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Know where you stand!


JoshuaPerich Bio-2

Spring… the season where we once again need to prove our worth as baseball players.  We will be timed... gunned... evaluated... scrutinized... and if deemed worthy, will win a spot on the team.  It may come as a surprise, but at least 80% of the team gets determined after the first day of tryouts.  Coaches always tend to choose the players with the best tools first, and that takes a very short amount of time to determine.  

In a tryout for a team which will have 15 total players on the roster, 12 spots will be determined after the first day.  The worst part is that the last three spots are probably only between 5 of the remaining players.  That means if there were 40 kids trying out, 23 players were already written off after the first day.  Though it may be obvious, the key is simply to be one of the 12 players who make the team after the first day and not one of the 23 who don’t.  


Far too often I hear coaches utter a saying which makes my skin crawl and it usually starts with “You can’t teach...” and is followed by speed, power, arm strength, etc.  It drives me crazy because all skills can be improved… Maybe not from a below average level to an elite level, but improved.  I do agree with the coach however, in that he will not be able to do it... not while trying to coach a team through a season.  Improving your skills is not your coach’s responsibility… it is YOURS… and it takes A LOT OF WORK!  

Too many players and parents have a terrible misunderstanding of what a coach is looking for when picking a team.  Having a great tryout is not just hitting every ball in batting practice, stopping every ground ball, and catching every fly ball.  Though not making any mistakes in a tryout is good, it is a very small part of your evaluation and is often one of the last things a coach looks for, not the first.  You see…baseball is a failure sport; so when a player makes a mistake, although a coach may be displeased, he does accept that it happens to even the best players.  In order to make a team, you don’t have to go through your tryout without making a mistake; you have to make your coach believe that throughout the entire season you will be the player that will make the least mistakes.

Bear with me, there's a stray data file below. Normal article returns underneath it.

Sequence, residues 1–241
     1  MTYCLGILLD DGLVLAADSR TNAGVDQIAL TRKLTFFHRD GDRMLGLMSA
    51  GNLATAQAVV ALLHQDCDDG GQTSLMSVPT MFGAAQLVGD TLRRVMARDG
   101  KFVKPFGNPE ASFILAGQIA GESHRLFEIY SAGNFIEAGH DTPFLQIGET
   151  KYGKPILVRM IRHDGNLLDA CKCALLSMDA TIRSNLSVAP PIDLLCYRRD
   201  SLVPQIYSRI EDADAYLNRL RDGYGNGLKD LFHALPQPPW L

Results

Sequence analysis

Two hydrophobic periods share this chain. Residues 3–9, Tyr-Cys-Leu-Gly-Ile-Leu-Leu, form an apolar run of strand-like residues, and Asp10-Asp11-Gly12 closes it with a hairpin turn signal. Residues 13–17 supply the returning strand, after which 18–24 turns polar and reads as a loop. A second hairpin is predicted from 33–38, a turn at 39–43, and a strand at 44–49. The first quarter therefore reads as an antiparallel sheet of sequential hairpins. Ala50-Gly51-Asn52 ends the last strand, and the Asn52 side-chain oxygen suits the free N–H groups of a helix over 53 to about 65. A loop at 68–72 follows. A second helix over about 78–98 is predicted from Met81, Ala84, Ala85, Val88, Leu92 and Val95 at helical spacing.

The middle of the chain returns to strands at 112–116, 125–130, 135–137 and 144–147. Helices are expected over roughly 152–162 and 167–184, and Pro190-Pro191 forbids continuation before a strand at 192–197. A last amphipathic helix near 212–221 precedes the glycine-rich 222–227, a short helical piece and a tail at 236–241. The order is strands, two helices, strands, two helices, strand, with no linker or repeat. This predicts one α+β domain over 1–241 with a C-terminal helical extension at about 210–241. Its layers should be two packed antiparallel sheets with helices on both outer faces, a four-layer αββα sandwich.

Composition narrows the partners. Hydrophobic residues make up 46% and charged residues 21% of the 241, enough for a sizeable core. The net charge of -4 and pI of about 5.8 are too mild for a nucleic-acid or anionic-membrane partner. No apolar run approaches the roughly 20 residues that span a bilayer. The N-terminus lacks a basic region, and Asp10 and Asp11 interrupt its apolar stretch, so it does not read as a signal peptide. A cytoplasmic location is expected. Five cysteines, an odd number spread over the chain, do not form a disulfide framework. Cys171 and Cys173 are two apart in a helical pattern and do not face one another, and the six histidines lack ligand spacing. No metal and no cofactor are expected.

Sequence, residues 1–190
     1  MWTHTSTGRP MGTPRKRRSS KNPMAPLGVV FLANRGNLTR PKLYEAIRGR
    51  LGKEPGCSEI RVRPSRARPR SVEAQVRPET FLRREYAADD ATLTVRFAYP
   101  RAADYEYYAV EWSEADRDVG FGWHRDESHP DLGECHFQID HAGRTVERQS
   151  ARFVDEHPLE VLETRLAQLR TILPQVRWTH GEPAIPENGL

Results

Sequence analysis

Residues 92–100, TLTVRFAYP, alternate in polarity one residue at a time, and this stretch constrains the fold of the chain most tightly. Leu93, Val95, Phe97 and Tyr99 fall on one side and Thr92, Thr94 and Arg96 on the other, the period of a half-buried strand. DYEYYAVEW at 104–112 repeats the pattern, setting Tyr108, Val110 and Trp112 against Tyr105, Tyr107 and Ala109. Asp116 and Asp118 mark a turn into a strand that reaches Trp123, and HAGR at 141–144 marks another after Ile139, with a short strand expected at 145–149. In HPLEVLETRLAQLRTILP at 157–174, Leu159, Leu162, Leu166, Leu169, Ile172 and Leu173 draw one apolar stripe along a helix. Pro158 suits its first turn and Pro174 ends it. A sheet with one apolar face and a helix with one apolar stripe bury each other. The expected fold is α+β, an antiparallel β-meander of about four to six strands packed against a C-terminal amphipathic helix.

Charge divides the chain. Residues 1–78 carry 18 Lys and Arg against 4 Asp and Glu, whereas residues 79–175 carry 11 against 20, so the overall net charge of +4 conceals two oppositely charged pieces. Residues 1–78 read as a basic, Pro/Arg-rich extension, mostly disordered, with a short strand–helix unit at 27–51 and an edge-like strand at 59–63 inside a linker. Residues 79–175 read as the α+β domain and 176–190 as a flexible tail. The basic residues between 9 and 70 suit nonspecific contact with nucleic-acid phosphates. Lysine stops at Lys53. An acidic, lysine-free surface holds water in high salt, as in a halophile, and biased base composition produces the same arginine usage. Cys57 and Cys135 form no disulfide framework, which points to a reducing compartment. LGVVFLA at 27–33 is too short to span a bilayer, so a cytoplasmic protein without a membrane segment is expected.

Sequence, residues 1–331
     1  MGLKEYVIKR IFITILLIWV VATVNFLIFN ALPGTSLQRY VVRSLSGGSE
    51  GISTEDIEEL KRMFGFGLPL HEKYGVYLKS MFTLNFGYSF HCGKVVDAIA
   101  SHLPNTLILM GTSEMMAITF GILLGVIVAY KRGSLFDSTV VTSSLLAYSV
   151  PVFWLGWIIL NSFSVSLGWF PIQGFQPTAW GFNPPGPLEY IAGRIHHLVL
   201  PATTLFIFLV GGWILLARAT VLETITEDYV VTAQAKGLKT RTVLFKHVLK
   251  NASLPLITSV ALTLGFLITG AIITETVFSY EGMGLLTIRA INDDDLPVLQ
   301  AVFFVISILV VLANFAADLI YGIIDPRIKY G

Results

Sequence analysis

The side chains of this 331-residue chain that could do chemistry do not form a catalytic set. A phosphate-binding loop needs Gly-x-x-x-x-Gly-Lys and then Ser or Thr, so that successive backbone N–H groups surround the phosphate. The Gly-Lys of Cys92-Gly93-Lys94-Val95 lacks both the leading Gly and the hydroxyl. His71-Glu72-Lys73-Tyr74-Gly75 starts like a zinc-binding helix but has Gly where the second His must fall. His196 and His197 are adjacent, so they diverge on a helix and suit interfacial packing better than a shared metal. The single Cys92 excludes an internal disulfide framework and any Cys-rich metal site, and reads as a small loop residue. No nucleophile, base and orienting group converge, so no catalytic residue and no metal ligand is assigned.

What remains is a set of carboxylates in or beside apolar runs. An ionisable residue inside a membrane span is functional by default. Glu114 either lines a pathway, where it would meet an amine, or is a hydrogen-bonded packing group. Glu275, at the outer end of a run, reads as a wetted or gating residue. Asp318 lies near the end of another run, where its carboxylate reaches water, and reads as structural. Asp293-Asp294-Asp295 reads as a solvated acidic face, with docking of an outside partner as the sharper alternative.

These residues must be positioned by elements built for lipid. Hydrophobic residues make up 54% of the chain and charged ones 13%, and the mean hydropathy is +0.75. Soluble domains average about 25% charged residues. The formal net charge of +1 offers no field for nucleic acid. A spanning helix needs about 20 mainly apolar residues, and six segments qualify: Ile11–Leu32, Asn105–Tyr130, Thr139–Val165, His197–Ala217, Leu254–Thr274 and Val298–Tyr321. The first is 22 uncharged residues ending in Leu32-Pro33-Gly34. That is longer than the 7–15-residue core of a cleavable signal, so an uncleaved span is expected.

I hear from parents all the time that their son didn’t get a fair shake and that the tryout process was “political”... Now I am not saying that sometimes the tryout process isn’t a complete sham, or that coaches never pick players simply because they like their parents...  I am saying that more often than parents would like to believe, their son just flat out wasn’t at the level he needed to be athletically to compete.  I know that may be a tough pill to swallow, but believe it or not, I am on your side.  

I decided a long time ago that I would work with every player that wanted my help.  As an instructor it is very tempting to only work with the extremely talented kids, and I have worked with quite a few players who moved on to play college and even Major League baseball.  Now, it may be perceived that since I worked with them… and since they went on to have much success… I must be a good instructor.  The truth is those were the players that were the easiest to help.  For every player I have worked with that moved on to play at higher levels, there are many others who busted their tails for me year after year to simply go from kids who no one ever wanted on their little league teams to become starters on their high school team.

The first step in trying to achieve your goals is to get an evaluation and simply know where you currently stand.  This is a lot harder than it may sound because for some reason in this day and age, coaches do not provide honest feedback to players (especially the ones they just cut from their team).  Often any feedback they provide is sugarcoated to let a player down lightly and to also avoid overly protective parents who tend to go ballistic if anyone doesn’t think their son is as wonderful as they do.  

The online baseball evaluation on this website doesn’t care about your feelings.  It is going to compare your talents to everyone else out there who is your age and it is going to give you an honest rating as to where you stand.  It isn’t your friend, but it definitely is not your enemy. It is an unbiased scale where you can measure yourself against your peers. I will be the first to tell you that it does not predict success... it just evaluates you the same way a coach who knows nothing about you would evaluate you... by your tools! 
Whatever your goal may be… whether it be making your high school team, playing in college, or to get drafted, it helps to know what the coaches ands scouts at each of those levels are first looking for.